Treating hypoglycemia in school

Hypoglycemia is when the level of glucose in the blood falls too low for the body to function properly.
It is the most common and most dangerous condition for many people with type 1 diabetes (T1D). Very low blood glucose may lead to unconsciousness, which can be life-threatening if not promptly treated. Fast action is required! It is important to not leave the student unattended until completely recovered (this may take up to 30 minutes).

Symptoms vary with each individual, however common ones include:

  • Inability to concentrate
  • Fatigue
  • Headaches
  • Mental confusion
  • Blurred/double vision
  • Feeling cold and clammy
  • Pale, moist skin
  • Sweating
  • Extreme hunger
  • Loss of coordination
  • Shakiness

Causes:

  • Not enough food
  • Too much insulin
  • Unplanned exercise

Treatment:

If the student is conscious:

  1. If possible, have the student check their blood glucose level. If they are unable to test, or if their blood glucose level is low, GIVE FAST ACTING SUGAR IMMEDIATELY (juice, glucose tablets, sweet pop).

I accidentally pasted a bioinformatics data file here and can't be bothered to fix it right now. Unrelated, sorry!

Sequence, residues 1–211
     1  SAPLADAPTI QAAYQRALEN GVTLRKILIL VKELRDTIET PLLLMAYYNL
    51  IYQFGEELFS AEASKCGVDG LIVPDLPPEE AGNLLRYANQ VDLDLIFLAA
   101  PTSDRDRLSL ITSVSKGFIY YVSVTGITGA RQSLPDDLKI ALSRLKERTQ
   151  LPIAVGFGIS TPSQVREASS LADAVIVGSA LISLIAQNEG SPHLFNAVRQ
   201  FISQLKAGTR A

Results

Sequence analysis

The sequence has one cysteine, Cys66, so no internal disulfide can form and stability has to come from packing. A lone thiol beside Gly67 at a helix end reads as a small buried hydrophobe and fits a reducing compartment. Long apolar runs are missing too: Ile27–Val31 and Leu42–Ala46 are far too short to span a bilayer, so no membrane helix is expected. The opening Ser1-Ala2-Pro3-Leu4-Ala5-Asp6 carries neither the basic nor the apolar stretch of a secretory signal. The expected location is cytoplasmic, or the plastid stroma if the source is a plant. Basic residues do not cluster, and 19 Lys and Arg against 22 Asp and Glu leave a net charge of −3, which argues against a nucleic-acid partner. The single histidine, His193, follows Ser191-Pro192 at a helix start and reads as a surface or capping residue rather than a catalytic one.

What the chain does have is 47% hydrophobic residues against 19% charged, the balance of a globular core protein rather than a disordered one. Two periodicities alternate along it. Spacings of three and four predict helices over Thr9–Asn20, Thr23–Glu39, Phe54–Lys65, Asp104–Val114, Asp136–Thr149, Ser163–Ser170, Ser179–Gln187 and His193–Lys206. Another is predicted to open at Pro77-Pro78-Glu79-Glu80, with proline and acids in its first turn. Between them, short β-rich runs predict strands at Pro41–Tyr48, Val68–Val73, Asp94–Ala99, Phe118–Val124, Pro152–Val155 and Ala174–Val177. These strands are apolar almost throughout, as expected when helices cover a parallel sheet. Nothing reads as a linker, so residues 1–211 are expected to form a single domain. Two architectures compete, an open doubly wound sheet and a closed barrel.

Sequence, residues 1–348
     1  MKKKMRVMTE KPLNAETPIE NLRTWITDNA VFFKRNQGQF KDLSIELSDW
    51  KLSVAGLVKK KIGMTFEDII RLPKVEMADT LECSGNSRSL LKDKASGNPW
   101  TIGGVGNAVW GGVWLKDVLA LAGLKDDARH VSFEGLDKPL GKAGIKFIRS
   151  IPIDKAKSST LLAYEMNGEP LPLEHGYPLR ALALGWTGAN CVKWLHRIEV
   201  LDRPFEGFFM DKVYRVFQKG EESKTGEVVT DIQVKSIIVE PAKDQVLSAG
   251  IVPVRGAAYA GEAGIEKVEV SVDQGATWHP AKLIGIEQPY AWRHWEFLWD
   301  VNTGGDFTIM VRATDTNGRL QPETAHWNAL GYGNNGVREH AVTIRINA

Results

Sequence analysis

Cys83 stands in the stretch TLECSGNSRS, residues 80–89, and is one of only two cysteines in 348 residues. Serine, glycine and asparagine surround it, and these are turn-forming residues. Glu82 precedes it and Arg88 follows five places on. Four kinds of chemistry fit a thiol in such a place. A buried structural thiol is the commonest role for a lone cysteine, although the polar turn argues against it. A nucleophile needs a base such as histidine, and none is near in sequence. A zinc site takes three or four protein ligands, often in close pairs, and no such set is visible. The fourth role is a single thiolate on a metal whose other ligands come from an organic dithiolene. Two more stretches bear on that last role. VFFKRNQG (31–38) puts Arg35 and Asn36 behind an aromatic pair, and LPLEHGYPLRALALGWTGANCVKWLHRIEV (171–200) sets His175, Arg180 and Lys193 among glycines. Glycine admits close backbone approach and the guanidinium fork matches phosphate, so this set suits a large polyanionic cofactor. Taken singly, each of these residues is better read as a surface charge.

2. Call the parent and receive further instruction. Wait 10 to 15 minutes and have the student recheck their blood glucose, if possible. Repeat above if blood glucose level is still low.
  3. Do not leave student unattended until completely recovered.

If the student is unconscious:

  1. Call 911. Do not attempt to give anything by mouth.
  2. Call the parent immediately to receive further instruction.

Be prepared:

Parents

  • Complete the suggested student Diabetes Management Plan.
  • Provide proper education to school personnel (including bus drivers, etc.).
  • Ensure appropriate diabetes supplies and food is available at the school (stored in an easy to access area) and restocked as needed.

Student

  • Wear proper medical identification. 
  • Inform your friends and teachers that you live with T1D, and let them know how they can help in an emergency.
  • Carry the appropriate diabetes supplies and food with you at all times.

School Personnel

  • Know who lives with T1D in your classroom.
  • Know the procedures to follow when an emergency situation arises.
  • Bus drivers and cafeteria personnel should also be notified of any special needs (i.e. child to sit behind bus driver and be permitted to eat on the bus).

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